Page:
Latest Articles

Third Circuit Clarifies Public Disclosure Bar in False Claims Act In United States v. Omnicare, Inc., the Third Circuit clarified the operation of the public disclosure bar in the False Claims Act (FCA). The court held that publicly available information “could not have reasonably or plausibly supported an inference” of fraud. This information included government reports of known fraud schemes and a 10-k financial disclosure by the defendant company. The Third Circuit rejected application of…
Many conclude that a C plea means a Corporate Plea. Used infrequently, a C plea restricts discretion of a federal district judge to sentence a criminal defendant. By expressing his concerns about a proposed C plea for a company, one federal judge changed the result. In an article published by the American Health Lawyers Association, Rebecca Worthington and Tom Zeno analyze the case. Additional posts about this case can be found here and here.…
Tariffs are not the only weapon of retaliation countries may wield in a trade war.  Governments can pressure trade adversaries at the bargaining table by opening other fronts, such as limiting foreign investment, halting drug enforcement cooperation, or, of particular concern to the corporate world, scrutinizing companies doing business within their jurisdictions.  What does this mean?…
In Carpenter v. United States, the Supreme Court protected cell site location data. Now “the Government must generally obtain a warrant supported by probable cause before acquiring such records.” Read here about the decision and its implications for organizations, particularly technology providers. The article is written by Squire Patton Boggs attorneys Tara Swaminatha, Robin Campbell, Tom Zeno, and Katy Spicer.      …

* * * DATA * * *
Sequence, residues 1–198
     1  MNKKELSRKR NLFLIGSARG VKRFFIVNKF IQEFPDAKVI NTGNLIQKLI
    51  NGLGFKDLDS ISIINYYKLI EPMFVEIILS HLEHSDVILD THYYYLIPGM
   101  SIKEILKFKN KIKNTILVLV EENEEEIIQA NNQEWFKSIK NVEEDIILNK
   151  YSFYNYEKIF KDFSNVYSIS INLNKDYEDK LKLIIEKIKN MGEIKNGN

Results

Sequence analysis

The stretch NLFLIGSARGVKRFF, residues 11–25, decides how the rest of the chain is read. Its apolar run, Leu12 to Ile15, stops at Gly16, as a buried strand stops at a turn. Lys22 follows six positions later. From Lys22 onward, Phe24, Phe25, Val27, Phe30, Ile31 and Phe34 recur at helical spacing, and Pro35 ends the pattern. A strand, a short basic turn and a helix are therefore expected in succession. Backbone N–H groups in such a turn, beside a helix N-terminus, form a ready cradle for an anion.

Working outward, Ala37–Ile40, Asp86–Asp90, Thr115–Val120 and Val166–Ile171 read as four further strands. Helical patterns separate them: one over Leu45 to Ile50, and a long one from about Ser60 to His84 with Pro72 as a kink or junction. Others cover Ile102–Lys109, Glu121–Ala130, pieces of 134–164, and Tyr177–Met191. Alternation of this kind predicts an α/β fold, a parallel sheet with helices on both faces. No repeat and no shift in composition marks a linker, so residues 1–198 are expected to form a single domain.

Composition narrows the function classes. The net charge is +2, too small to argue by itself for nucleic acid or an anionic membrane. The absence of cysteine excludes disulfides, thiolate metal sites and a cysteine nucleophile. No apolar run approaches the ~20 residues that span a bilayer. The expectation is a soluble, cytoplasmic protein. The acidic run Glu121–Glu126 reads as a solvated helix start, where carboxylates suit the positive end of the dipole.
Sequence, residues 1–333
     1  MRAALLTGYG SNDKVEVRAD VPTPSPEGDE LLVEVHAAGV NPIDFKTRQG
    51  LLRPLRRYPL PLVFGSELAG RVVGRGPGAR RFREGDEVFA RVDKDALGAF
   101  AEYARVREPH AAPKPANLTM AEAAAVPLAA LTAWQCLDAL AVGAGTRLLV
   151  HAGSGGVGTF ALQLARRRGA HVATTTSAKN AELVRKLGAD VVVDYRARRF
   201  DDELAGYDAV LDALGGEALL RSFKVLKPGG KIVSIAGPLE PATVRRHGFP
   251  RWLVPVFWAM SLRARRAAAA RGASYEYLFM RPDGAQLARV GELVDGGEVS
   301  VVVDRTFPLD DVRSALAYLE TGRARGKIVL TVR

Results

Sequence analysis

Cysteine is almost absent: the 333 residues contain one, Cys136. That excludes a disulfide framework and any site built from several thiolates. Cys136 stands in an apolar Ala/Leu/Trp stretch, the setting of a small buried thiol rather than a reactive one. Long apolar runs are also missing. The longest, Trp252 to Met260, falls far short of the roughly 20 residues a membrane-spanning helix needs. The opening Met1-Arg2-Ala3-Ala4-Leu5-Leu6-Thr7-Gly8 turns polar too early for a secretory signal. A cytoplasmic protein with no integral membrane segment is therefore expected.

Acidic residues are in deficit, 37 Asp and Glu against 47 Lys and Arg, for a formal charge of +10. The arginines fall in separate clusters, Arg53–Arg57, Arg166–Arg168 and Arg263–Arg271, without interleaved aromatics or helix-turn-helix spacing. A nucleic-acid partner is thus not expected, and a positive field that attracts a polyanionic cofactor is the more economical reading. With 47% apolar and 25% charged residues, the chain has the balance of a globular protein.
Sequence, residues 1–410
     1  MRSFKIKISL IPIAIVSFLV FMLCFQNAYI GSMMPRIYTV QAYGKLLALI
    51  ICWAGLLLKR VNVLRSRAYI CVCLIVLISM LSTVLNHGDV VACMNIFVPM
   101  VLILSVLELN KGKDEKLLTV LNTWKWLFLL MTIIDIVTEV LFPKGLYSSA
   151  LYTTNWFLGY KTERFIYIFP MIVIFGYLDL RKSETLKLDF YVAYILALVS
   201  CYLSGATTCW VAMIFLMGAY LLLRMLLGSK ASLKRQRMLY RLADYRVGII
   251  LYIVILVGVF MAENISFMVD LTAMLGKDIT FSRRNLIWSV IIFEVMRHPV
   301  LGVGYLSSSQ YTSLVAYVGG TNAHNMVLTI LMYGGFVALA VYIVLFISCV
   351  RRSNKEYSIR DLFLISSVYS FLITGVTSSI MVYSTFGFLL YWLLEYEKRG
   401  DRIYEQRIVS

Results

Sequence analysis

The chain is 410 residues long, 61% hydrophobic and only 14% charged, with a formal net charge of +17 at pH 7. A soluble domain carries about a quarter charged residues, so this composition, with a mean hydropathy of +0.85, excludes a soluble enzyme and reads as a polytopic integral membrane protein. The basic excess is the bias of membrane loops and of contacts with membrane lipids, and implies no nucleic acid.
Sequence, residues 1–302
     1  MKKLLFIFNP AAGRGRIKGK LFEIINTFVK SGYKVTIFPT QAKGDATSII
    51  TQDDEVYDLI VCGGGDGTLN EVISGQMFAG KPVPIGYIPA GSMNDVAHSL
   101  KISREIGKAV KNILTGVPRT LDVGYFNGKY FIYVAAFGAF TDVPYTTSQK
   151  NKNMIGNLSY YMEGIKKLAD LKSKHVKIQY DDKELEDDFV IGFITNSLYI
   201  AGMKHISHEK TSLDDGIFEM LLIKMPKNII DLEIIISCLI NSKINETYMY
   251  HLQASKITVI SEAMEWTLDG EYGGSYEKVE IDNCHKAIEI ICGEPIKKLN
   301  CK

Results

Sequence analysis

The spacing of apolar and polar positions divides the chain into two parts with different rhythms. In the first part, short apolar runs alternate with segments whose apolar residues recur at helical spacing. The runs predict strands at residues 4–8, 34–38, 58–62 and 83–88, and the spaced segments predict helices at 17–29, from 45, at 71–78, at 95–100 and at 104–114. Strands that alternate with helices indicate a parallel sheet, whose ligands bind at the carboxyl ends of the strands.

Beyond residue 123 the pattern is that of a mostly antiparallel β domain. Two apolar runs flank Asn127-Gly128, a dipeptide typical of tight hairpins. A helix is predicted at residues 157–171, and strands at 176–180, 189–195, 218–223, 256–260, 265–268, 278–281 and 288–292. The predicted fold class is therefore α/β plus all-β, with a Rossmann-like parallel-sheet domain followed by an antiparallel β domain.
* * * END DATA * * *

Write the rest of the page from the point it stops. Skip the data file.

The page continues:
Personal location information held by a third party now receives heightened protection from disclosure to law enforcement Thanks to Timothy Ivory Carpenter, Cell Site Location Information (“CSLI”) is now part of our vernacular.  More important, in light of the Supreme Court’s June 2018 ruling in Carpenter v. United States, a company’s collection and retention of a person’s historical whereabouts (location information) now receives heightened protection from search and seizure by law enforcement.   …
Even the best laid plan for data security requires follow through. A cancer center was penalized $4.3 million by the government for failing to complete its encryption plan for devices.  The decision is instructive even for companies not specifically required to protect data under government regulation. Tom Zeno and Elliot Golding of Squire Patton Boggs discuss the case and its lesson. Go here for the article.  …
Let’s hope you don’t pay that much to encrypt electronic Protected Health Information (ePHI). How about a total of $4.3 million over two years? Well, that’s the total penalty for encryption violations assessed by Health and Human Services (HHS). An Administrative Law Judge found the penalty could have been much worse. The facts are sobering. The message is clear.…